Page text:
Originally posted Monday 4 September 2017
Here is an excerpt:
There is a danger that whoever pays for the technology behind ectogenesis would have the power to decide how, when and for whose benefit it is used. It could be the state or private insurance companies trying to avoid the unpredictable costs of traditional childbirth. Or, it could become yet another advantage available only to the privileged, with traditional pregnancies becoming associated with poverty, or with a particular class or race. Would babies gestated externally have advantages over those born via the human body? Or, if artificial gestation turns out to be cheaper than ordinary pregnancy, could it become an economic necessity forced on some?
But an external womb could also lead to a new equality in parenthood and consequently change the structure of our working and private lives. Given time, it could dismantle the gender hierarchies within our society. Given more time, it could eliminate the differences between the sexes in our biology. Once parental roles are equal, there will be no excuse for male-dominated boardrooms or political parties, or much of the other blatant inequality we see today.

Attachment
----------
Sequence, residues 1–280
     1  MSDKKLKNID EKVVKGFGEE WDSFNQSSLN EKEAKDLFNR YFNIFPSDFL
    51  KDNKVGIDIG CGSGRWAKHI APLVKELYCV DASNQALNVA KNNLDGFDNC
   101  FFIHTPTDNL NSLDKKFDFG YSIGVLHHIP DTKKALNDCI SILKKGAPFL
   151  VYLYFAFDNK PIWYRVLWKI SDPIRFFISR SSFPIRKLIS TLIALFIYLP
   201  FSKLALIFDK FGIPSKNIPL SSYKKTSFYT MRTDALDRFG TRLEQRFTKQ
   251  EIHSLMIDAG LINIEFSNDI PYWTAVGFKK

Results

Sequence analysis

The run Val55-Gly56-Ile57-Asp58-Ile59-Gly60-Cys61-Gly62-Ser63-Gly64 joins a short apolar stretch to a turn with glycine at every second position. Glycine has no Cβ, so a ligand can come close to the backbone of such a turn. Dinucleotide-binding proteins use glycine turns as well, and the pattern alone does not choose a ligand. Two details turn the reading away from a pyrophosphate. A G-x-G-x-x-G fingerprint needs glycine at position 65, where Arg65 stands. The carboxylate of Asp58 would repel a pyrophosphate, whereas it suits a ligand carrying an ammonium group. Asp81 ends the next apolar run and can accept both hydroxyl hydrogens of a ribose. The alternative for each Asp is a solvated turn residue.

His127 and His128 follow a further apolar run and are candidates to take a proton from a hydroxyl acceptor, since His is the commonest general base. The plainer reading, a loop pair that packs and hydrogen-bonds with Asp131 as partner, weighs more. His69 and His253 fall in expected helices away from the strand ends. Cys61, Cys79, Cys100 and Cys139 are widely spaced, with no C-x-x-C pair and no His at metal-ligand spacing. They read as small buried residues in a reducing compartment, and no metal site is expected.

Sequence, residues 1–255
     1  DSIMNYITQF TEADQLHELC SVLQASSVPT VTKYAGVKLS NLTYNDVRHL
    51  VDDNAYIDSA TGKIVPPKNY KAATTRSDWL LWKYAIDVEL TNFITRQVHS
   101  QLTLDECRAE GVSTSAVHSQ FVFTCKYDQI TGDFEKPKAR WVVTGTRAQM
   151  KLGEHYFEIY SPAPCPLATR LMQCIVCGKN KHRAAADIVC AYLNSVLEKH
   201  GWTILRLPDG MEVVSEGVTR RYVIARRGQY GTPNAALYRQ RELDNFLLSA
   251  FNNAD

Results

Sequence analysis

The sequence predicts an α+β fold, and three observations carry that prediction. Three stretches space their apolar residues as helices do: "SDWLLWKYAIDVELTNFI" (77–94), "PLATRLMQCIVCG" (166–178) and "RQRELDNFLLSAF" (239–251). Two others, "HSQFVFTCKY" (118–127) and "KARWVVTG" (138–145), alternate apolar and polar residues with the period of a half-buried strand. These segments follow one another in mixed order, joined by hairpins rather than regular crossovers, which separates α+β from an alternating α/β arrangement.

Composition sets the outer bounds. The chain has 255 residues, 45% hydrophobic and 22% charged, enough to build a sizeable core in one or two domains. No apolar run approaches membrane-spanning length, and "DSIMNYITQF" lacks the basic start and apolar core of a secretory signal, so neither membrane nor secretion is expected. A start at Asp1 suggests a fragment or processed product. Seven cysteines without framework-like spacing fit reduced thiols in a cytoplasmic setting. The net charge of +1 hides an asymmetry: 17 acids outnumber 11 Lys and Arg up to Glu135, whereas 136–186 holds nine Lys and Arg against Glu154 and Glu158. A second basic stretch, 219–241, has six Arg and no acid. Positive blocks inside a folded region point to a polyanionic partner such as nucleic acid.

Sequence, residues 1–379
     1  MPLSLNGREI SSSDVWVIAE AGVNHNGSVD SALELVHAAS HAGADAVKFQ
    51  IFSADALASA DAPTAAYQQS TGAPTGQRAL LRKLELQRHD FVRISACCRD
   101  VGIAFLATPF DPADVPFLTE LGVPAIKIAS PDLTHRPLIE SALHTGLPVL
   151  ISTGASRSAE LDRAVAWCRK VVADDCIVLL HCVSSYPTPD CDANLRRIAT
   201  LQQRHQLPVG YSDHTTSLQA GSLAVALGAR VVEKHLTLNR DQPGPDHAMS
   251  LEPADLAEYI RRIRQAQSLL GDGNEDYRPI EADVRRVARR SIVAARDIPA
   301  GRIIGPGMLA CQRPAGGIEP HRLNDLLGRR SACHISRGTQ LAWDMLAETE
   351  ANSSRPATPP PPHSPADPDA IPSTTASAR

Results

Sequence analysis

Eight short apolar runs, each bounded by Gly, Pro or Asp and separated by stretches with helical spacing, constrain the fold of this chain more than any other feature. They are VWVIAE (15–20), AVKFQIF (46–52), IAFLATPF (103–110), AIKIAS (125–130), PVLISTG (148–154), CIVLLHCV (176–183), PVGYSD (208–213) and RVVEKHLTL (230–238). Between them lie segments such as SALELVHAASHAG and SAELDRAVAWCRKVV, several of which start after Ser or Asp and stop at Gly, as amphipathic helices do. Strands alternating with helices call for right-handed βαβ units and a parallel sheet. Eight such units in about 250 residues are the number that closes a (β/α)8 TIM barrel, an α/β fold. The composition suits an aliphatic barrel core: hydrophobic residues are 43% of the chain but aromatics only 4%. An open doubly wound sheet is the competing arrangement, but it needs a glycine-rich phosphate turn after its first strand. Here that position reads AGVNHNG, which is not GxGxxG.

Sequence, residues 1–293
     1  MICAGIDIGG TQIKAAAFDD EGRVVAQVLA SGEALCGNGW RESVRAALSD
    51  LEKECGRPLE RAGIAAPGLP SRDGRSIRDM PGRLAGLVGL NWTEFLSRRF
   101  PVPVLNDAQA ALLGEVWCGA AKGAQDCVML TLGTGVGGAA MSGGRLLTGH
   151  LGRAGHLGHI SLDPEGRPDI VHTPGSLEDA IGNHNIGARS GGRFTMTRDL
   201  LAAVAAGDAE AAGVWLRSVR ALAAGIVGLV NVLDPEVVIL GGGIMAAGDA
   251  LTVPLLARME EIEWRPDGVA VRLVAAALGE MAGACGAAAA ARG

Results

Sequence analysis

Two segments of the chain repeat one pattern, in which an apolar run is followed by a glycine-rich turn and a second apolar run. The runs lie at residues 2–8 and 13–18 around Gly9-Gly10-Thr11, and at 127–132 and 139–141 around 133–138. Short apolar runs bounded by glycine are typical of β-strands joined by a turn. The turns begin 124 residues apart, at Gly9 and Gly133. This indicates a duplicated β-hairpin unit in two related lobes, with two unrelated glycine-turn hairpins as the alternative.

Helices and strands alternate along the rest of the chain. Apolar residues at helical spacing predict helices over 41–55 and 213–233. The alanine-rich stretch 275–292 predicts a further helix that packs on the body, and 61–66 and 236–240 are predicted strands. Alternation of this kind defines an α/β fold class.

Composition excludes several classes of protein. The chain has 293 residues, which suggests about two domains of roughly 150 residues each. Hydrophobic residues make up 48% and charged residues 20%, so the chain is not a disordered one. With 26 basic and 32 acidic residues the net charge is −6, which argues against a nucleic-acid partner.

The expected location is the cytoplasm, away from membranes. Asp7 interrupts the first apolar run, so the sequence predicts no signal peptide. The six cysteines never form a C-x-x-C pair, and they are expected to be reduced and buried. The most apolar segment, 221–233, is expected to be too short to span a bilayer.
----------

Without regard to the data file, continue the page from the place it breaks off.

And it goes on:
Women’s rights are never more emotive than when it comes to a woman’s right to choose. While pregnancy occurs inside a woman’s body, women have some control over it, at least. But what happens when a foetus can survive entirely outside the body? How will our legislation stand up when viability begins at conception? There are fundamental questions about what rights we give to embryos outside the body (think of the potential for harvesting “spare parts” from unwanted foetuses). There is also the possibility of pro-life activists welcoming this process as an alternative to abortion – with, in the worst case, women being forced to have their foetuses extracted and gestated outside their bodies.
The article is here.